“Since statehood in 1889, DNR and its predecessor agencies have sustainably managed state trust lands to produce nontax revenue for beneficiaries. DNR’s timber sales program generates about $180 million per year for schools and counties across the state, many in rural areas. The new carbon project honors the agency’s fiduciary duty to beneficiaries by seeking to lease land for carbon sequestration and storage at a price that is reflective of the economic value of logging. Similarly, by diversifying revenue streams, there will be greater financial stability and certainty to beneficiaries.”

    Carbon is cool, but timber has and will pay the bills….

    • Timber has been failing to pay the bills ever since the value of the primary forest was liquidated. Before that liquidation there was a huge amount of money for roads, for schools, for reforestation, there was plenty of money for everyone! But USFS predictions in the 1950’s that federal land would produce 100 billion board feet of timber annually from tree farming we off by more than 95 billion board feet per year.

      To make up the difference of this loss of revenue they simply overharvested unsustainably and then when you add the increase of high severity fire, is it any wonder that the few sawmills that remain no longer own the forestland they harvest and Real Estate Investment Trusts own that land instead?

  3. Well, as of yesterday this entire effort has become a classic dishonest timber industry bait and switch where they create lots of publicity for “finally” protecting the oldests remaining forest. Then once no one is paying attention they change the rules to eliminate the other protections, which in effect does more to erode existing protections rather than strengthen them.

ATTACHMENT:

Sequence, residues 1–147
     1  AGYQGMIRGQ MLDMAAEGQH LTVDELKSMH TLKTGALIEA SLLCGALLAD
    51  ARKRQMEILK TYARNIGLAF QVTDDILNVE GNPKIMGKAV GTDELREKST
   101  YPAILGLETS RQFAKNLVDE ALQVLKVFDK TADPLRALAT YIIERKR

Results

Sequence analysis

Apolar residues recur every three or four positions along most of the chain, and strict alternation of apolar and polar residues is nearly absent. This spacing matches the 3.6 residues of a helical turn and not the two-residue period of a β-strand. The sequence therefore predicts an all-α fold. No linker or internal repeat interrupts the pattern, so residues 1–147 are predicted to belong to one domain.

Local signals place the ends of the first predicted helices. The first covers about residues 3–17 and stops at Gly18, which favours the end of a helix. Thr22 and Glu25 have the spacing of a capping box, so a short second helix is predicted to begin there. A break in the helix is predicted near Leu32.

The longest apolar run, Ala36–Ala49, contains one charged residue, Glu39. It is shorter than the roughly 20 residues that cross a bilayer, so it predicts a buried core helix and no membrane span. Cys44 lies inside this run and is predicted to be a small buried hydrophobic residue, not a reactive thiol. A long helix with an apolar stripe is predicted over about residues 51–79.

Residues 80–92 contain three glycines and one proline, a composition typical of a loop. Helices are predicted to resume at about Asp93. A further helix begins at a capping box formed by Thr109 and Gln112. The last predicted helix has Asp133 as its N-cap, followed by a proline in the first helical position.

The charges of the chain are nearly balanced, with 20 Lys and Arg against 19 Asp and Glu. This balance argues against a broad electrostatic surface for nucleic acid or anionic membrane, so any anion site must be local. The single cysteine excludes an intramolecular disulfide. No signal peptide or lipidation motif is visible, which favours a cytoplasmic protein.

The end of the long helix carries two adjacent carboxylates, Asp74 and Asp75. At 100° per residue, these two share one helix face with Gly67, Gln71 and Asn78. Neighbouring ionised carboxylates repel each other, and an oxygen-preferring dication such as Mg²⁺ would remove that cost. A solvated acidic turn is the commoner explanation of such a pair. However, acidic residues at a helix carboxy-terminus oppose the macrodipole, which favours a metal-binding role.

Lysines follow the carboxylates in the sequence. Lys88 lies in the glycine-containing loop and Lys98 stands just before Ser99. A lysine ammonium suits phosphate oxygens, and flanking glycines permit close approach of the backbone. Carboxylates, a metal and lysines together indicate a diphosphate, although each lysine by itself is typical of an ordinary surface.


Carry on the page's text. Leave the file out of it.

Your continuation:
Specifically at board of forestry meeting this week: “Commissioner Franz mentioned that she is not going to recommend changes to the Older Forest Policy and that she’s lifting the moratorium on cutting pre-1900 forests. These announcements were made very quickly, perhaps in hopes that they’d be overlooked amid the noise the DNR made about the progressiveness of its new carbon leasing plan.

    Steinhoff was kind enough to listen to the recording: https://tvw.org/video/washington-state-board-of-natural-resources-2022051062/?eventID=2022051062 and time stamp those two announcements for us (1:20: no change to older forest policy. 2:47: lifting the moratorium on older forest harvest). I hope that many of us will take the opportunity to call out these absurdities during public comments at the next BNR meeting on June 7th at 9am Pacific Time.

    This routine is corrupt and dishonest and always way too familiar to us folks who value honesty and want legitimate forest protection rather than misinformation and bait and switch publicity stunts. So sick of the lack of basic integrity and decency when it comes to “working with” the timber industry.